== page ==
Hercules Engine News

By Staff
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The Hercules Gas Engine Co. of Evansville, Ind., is usually
recognized as the major manufacturer of the Economy brand gas
engines that Sears, Roebuck & Co. sold through their mail order
catalogs. Sears sold Economy brand engines for over 30 years, but
let’s start at the beginning.

Economy brand engines first show up in the 1908 Sears catalogs.
They are listed as being shipped from central Iowa, and they were
built by the Waterloo Gas Engine Co., Waterloo, Iowa. Serial
numbers for these engines fall between 6,000 and 10,000 and
probably less than 1,000 were made for Sears, with other Waterloo
engines being co-mingled in this numbers series. The 6,000 serial
numbers date into 1907, so Sears was apparently selling the
‘Waterloo Economy’ before it ever appeared in their
catalogs. Hopper-cooled engines were built in 2 HP, 4 HP, 7 HP and
10 HP sizes, and 2 HP and 4 HP tank-cooled engines were also
offered. They were all half-base engines with a sub-base
available.

In the spring of 1909 Sears began production of gas engines at
their newly purchased Holm Machine Manufacturing Co. at Sparta,
Mich. These were all hopper-cooled and were built in 2 HP, 4 HP, 6
HP, 8 HP and 10 HP sizes. Eventually, 1 HP and 1-1/2 HP sizes were
also built. Their first model, the Model A, was somewhat similar in
design to the Waterloo-built engines it replaced. The Model A was
followed by the Model B, C, CA and CX, respectively. Each of these
models were a modification of the previous one. These engines first
appeared in the fall 1909 Sears catalog and were last offered in
the fall 1913 Sears catalog. In all, about 36,000 of these
‘Sparta Economy’ engines were built. There were 32,000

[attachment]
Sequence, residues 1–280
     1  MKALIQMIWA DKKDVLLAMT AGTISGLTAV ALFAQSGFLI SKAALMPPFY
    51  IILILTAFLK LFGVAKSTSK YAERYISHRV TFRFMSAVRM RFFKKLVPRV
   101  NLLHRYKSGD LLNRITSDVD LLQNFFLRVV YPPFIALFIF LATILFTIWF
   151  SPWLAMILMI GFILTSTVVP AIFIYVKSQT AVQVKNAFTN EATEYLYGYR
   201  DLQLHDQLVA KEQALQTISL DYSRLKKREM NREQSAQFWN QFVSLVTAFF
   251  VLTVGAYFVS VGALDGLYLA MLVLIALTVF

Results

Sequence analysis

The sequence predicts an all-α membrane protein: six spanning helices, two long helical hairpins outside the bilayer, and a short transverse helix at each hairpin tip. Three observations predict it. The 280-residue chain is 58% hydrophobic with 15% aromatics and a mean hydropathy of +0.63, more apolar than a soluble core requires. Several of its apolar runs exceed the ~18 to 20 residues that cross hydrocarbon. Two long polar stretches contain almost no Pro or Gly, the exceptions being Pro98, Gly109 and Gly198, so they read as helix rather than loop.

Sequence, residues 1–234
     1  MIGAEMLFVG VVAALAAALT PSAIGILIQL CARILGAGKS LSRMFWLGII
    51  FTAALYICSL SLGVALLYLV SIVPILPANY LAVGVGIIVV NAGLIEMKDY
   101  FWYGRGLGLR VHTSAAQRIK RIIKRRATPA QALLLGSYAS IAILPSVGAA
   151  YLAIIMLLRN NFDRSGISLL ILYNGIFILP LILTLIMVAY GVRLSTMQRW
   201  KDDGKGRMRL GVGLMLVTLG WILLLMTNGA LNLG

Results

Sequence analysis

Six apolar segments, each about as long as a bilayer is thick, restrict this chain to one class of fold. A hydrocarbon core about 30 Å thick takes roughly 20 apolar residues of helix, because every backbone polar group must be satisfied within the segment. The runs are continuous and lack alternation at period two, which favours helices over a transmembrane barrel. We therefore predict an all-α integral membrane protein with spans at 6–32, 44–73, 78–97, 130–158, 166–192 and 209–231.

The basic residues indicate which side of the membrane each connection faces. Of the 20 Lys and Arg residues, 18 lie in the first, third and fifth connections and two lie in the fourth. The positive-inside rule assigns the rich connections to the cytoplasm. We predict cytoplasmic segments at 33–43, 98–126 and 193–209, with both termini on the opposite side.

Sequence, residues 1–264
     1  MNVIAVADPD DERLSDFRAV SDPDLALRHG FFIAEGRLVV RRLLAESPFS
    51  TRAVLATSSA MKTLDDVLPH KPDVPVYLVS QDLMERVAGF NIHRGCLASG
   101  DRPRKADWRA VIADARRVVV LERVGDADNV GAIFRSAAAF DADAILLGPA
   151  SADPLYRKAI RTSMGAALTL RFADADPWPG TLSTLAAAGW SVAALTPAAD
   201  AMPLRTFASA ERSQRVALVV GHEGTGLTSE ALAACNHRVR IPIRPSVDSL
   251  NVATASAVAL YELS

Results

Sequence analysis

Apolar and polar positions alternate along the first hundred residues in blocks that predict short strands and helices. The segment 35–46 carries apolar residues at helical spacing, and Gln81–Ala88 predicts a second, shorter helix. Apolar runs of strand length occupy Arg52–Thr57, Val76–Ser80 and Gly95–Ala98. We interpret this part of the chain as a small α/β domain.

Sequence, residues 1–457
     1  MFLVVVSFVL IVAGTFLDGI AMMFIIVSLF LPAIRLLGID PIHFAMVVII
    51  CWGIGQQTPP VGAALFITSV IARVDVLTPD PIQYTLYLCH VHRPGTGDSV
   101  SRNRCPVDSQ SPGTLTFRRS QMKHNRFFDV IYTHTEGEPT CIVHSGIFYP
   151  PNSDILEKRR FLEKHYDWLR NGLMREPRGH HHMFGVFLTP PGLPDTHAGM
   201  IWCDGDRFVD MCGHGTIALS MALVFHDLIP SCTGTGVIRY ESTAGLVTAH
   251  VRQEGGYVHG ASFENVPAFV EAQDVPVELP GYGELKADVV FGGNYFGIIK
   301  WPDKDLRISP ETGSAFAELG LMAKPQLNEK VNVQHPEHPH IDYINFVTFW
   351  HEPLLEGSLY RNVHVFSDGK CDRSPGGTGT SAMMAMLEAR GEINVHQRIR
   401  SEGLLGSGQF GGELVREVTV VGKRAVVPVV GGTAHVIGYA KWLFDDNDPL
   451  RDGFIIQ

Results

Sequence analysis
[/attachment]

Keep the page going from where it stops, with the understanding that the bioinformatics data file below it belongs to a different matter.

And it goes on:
built at Sparta, Mich., with the last 4,000 built at the new
Hercules Gas Engine Co. at Evansville, Ind.

In 1912 the Holm Machine Manufacturing Co. was acquired by the
Hercules Buggy Co. of Evansville, Ind. The Hercules Gas Engine Co.
was formed and new factory buildings were constructed. In the fall
of 1913, the parts, patterns, machinery, equipment (and personnel)
were transported by rail from Sparta, Mich., to the new factory
site at Evansville, Ind.

In January of 1914, the first of the Hercules-built Economy
engines were produced in the new factory at Evansville. These new
engines, the Model D, appeared in the spring 1914 catalog. The
Model D was a slightly modified version of the Sparta Economy Model
CX that it replaced. They were offered in 1-1/2 HP, 2-1/2 HP, 5 HP,
7 HP, 9 HP and 12 HP sizes. Over the next 15 years the E, EW, F,
FW, G, H (and the re-rated S models that were introduced in 1924)
were built. The early 7 HP, 9 HP and 12 HP sizes were offered in
the screen-cooled style, too.

In 1928 the completely redesigned YK (kerosene) engines were
introduced, and in 1930 another new design, the JK, was introduced.
The JK models were built until the fall of 1933, but Sears
continued to offer them in their catalogs until the spring 1935
issue. All in all, Hercules built about 150,000 Economy brand
engines for Sears.

In the fall 1935 Sears catalog a new kind of Economy engine made
by the Stover Manufacturing and Engine Co. of Freeport, Ill., was
offered. These engines were offered in three sizes, variously rated
at 1-1/2 HP, 2 HP, 3 HP, 3-1/4 HP, 4 HP and 5 HP. They are easily
identified because of their signature Stover flywheels with the
three teardrop holes. They were last offered in the spring 1939
catalog.

The spring 1937 catalogs announced a new line of ‘Powerful
New Economy Air-Cooled Gasoline Engines.’ Sears had been
selling Briggs & Stratton engines earlier, but now they
appeared under the Economy brand with a new Economy logo. These
engines were still offered in 1939 catalogs, but when the Economy
brand of engines was finally discontinued is unknown to the
author.

Glenn Karch is a noted authority on Hercules engines.
Contact him at: 20601 Old State Road, Haubstadt, IN 47639, or
e-mail at: glenn.karch@gte.net

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